Setting up a woodworking shop at home can be a fun process, but it must be done correctly to ensure home woodworking can be done safely and effectively. A garage, basement, or attic space can make a great workshop, but the woodworker must take into account available light, ventilation possibilities, and access points for safety and convenience. Unlike woodworking done in a professional wood shop, home woodworking is usually done in a much smaller space, which means machines must be chosen carefully not only for functionality, but also for space savings.
The home woodworking shop should only contain tools that will be necessary to complete the projects the woodworker is likely to do on a regular basis. A crowded shop will not be exceptionally functional, and it will be necessary to ensure each machine has plenty of space for proper operation and safety. Combination machines are great for home woodworking applications; these compact machines combine the functions of several larger machines while requiring far less space. The downside to such machines is the time it takes to convert the machine from one function to another. Most home woodworking applications will not be significantly affected by this time requirement, but if the home woodworker is using his shop for commercial purposes, a combination machine may adversely affect the timeliness of a project's completion.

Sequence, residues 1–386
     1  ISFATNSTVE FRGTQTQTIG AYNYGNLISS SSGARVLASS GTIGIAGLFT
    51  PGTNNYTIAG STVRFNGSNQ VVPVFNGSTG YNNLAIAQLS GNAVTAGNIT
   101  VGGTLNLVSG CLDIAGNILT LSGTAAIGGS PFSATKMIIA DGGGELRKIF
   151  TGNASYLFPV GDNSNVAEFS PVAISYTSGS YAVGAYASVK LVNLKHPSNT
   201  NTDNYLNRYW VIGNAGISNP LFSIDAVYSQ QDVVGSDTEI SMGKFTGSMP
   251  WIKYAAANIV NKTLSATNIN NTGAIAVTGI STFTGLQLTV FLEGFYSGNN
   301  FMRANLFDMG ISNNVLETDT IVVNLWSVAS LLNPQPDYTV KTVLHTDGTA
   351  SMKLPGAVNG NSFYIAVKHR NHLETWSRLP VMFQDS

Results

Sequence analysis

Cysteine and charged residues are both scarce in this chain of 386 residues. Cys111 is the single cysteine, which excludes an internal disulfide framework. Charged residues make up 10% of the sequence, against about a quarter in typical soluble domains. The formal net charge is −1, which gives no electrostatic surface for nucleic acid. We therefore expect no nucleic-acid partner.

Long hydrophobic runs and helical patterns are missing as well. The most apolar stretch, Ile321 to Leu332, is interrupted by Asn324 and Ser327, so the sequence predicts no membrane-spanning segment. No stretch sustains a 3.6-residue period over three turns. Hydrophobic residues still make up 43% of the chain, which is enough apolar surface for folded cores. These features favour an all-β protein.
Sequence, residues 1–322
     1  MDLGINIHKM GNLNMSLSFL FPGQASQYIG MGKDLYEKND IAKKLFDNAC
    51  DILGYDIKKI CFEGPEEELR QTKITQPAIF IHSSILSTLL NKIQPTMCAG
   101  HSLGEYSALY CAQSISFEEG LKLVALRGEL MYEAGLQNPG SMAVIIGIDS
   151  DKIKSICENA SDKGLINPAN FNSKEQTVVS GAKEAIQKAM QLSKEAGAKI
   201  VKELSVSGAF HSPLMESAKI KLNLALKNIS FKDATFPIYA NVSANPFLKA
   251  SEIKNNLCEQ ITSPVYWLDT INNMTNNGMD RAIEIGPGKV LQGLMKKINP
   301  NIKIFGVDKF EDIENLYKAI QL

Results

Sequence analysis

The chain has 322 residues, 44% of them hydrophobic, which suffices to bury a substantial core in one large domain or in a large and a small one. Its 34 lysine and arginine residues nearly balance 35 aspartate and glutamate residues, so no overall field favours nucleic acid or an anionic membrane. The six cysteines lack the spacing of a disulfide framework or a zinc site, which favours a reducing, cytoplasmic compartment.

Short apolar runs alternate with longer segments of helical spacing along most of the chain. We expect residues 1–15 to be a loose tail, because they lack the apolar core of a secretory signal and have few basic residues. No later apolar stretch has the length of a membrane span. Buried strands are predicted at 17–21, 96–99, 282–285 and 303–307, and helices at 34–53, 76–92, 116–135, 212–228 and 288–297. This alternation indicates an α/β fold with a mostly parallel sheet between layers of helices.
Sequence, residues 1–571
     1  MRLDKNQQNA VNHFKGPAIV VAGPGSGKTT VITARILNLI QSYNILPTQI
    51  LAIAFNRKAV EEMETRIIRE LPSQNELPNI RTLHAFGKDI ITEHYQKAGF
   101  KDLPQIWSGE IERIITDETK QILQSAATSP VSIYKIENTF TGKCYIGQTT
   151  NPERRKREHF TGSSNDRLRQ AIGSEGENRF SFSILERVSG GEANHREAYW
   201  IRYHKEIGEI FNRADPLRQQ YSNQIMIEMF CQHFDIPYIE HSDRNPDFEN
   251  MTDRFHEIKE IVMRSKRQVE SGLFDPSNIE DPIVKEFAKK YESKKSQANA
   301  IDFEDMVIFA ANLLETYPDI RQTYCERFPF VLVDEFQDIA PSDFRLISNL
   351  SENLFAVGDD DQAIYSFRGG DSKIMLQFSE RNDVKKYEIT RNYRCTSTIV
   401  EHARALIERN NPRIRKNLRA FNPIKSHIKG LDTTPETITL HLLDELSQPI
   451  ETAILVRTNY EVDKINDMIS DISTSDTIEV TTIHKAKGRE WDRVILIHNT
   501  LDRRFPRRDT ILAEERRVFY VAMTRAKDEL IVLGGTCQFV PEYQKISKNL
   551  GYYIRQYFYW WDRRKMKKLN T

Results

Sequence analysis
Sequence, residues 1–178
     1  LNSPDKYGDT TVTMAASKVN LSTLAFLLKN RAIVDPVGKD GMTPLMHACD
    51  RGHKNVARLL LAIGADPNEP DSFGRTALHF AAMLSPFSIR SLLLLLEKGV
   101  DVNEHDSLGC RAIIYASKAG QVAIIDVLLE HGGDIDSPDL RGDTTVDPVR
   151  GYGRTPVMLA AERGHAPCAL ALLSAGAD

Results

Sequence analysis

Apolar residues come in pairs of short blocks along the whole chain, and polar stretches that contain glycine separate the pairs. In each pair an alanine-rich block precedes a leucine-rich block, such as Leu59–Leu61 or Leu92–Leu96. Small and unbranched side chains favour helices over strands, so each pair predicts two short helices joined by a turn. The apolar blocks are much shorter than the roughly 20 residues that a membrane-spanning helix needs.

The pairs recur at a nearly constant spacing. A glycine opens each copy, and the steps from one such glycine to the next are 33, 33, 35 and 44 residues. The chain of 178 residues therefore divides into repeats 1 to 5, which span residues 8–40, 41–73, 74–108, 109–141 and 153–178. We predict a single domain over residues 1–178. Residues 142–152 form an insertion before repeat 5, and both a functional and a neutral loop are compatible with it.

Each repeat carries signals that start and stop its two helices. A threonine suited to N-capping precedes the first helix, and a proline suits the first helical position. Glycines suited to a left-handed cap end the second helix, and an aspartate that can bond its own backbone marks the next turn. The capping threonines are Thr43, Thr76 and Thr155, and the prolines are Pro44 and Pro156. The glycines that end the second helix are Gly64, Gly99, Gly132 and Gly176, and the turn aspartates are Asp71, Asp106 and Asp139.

Safety should be the primary concern of all home woodworking projects. The woodworker should take all necessary safety precautions, including wearing safety goggles, ear protection, and in some cases, gloves and aprons. Fire extinguishers should be available and placed in an obvious place, as should first aid kits. The shop should be well lit to prevent accidents, and ventilation will be exceptionally important. A build-up of sawdust in the air can be hazardous to the woodworker's health, so dust collection systems and/or air exchangers should be used to prevent excess dust build up.
The type of wood used during the woodworking process should also be a primary concern of the woodworker, and the storage of that wood may require some alteration of the wood shop. The wood should generally be stored in a cool, dry location to prevent warping or other types of damage, and it should be readily available to accommodate woodworking projects. Storage will also be a vital concern for tools and other materials commonly used in the woodworking process. A workbench with drawers or shelves will be a good first step, but more storage will usually be necessary.